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J Diabetes Complications. 2016 Jan-Feb;30(1):93-8. doi: 10.1016/j.jdiacomp.2015.10.004. Epub 2015 Oct 14.

Neuropad for the detection of cardiovascular autonomic neuropathy in patients with type 2 diabetes.

Author information

1
Endocrinology Section, Department of Internal Medicine, Fundación Santafé de Bogotá, Bogotá, Colombia; School of Medicine, Universidad de los Andes, Bogotá, Colombia. Electronic address: cmendivi@uniandes.edu.co.
2
Endocrinology Section, Department of Internal Medicine, Fundación Santafé de Bogotá, Bogotá, Colombia; School of Medicine, Universidad de los Andes, Bogotá, Colombia. Electronic address: wkattah@uniandes.edu.co.
3
Endocrinology Section, Department of Internal Medicine, Fundación Santafé de Bogotá, Bogotá, Colombia. Electronic address: arturo.orduz@fsfb.org.co.
4
Endocrinology Section, Department of Internal Medicine, Fundación Santafé de Bogotá, Bogotá, Colombia. Electronic address: claudia.tique@fsfb.org.co.
5
School of Medicine, Universidad de los Andes, Bogotá, Colombia. Electronic address: jl.cardenas3230@uniandes.edu.co.
6
School of Medicine, Universidad de los Andes, Bogotá, Colombia. Electronic address: je.patino841@uniandes.edu.co.

Abstract

BACKGROUND:

Cardiovascular autonomic neuropathy (CAN) is a prevalent and neglected chronic complication of diabetes, with a large impact on morbidity and mortality. Part of the reason why it is not detected and treated opportunely is because of the complexity of the tests required for its diagnosis. We evaluated the Neuropad®, a test based on sudomotor function, as a screening tool for CAN in adult patients with type 2 diabetes in Bogotá, Colombia.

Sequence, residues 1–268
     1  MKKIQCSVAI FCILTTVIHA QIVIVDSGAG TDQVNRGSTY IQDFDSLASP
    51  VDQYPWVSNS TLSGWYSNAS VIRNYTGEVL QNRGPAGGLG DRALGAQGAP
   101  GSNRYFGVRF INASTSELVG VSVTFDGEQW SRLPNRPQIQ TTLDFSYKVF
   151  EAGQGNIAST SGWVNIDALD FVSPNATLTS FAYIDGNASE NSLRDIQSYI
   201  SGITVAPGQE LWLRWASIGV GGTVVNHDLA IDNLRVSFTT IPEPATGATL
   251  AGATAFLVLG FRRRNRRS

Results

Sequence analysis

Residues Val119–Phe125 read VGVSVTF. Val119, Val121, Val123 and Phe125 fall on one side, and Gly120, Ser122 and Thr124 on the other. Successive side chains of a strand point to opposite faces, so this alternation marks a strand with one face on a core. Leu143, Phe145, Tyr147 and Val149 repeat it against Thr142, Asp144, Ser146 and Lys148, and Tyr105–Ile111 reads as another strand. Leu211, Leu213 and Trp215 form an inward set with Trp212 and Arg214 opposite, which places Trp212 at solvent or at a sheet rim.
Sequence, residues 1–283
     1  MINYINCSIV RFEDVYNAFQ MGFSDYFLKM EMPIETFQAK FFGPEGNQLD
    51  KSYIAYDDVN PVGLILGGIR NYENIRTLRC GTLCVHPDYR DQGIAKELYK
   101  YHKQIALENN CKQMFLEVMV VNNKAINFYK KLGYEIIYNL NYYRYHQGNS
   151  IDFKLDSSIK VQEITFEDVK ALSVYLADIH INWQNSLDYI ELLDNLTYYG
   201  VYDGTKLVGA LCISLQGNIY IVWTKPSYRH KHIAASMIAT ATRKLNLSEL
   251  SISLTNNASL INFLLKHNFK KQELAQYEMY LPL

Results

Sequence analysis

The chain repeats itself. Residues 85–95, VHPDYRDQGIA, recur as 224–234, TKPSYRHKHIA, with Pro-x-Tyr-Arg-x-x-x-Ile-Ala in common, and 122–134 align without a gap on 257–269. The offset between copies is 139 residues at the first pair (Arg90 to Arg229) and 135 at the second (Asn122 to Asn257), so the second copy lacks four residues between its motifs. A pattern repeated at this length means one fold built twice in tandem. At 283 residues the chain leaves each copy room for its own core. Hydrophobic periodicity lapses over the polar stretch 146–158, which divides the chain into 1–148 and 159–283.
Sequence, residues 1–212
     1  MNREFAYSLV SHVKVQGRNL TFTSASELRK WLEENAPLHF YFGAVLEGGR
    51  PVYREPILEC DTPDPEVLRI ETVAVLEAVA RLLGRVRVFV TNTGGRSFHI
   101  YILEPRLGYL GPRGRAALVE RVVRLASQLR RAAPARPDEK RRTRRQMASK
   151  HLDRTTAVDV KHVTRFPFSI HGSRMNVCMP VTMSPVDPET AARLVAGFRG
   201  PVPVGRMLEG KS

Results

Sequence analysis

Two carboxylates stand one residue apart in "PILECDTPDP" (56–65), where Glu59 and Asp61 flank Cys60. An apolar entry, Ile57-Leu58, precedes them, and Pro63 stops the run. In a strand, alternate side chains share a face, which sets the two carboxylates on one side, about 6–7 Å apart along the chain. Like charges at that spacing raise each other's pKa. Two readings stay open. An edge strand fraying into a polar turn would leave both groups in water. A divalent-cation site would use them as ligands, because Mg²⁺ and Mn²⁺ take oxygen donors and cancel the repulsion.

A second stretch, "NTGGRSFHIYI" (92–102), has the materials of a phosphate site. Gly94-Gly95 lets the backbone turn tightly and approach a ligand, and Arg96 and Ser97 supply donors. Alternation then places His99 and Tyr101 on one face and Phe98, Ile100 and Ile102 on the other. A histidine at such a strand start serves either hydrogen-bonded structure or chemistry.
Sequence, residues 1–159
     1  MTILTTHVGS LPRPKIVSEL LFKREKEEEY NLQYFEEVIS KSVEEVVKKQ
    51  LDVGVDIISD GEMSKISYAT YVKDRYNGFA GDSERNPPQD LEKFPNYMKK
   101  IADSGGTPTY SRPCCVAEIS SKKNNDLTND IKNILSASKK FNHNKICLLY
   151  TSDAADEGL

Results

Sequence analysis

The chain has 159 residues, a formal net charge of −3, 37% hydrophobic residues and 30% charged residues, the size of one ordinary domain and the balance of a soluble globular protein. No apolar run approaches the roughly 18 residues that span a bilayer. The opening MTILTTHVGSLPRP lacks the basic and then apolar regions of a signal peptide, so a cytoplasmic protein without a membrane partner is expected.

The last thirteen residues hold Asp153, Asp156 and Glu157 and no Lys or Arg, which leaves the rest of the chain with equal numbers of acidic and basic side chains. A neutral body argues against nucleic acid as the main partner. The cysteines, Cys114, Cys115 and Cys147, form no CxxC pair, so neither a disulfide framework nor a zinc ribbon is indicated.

METHODS:

This was a cross-sectional evaluation of Neuropad® for the detection of CAN. Patients were 20-75years of age and did not suffer from any other type of neuropathy. CAN was diagnosed using the Ewing battery of tests for R-R variability during deep breathing, Valsalva and lying-to-standing maneuvers. Additionally, distal symmetric polyneuropathy (DSP) was diagnosed using a sign-based scale (Michigan Neuropathy Disability Score - NDS) and a symptom-based score (Total Symptom Score - TSS). The primary outcome was the sensitivity and specificity of the Neuropad® for the diagnosis of CAN, and secondary outcomes were the sensitivity and specificity of Neuropad® for DSP.

RESULTS:

We studied 154 patients (74 men and 80 women). Prevalence of CAN was extremely high (68.0% of study participants), but also DSP was prevalent, particularly according to the signs-based definition (45%). The sensitivity of the Neuropad® for any degree of CAN was 70.1%, being slightly higher for the deep breathing and Valsalva tests than for lying-to-standing. The specificity of the Neuropad® for any type of CAN was only 37.0%, as expected for a screening exam. The negative predictive value was higher for the deep breathing and Valsalva tests (69.4 and 81.6%, respectively). Neuropad showed also a good sensitivity and negative predictive value for DSP. The sensitivity and specificity of Neuropad were better among men, and among patients with diabetes duration above the group median.

CONCLUSIONS:

The Neuropad is a simple and inexpensive device that demonstrated an adequate performance as a screening tool for cardiovascular autonomic neuropathy in Latin American patients with DM2.

KEYWORDS:

Cardiovascular autonomic neuropathy; Complications; Diabetic autonomic neuropathy; Diabetic neuropathy; Diagnostic test

PMID:
26525688
DOI:
10.1016/j.jdiacomp.2015.10.004
[Indexed for MEDLINE]

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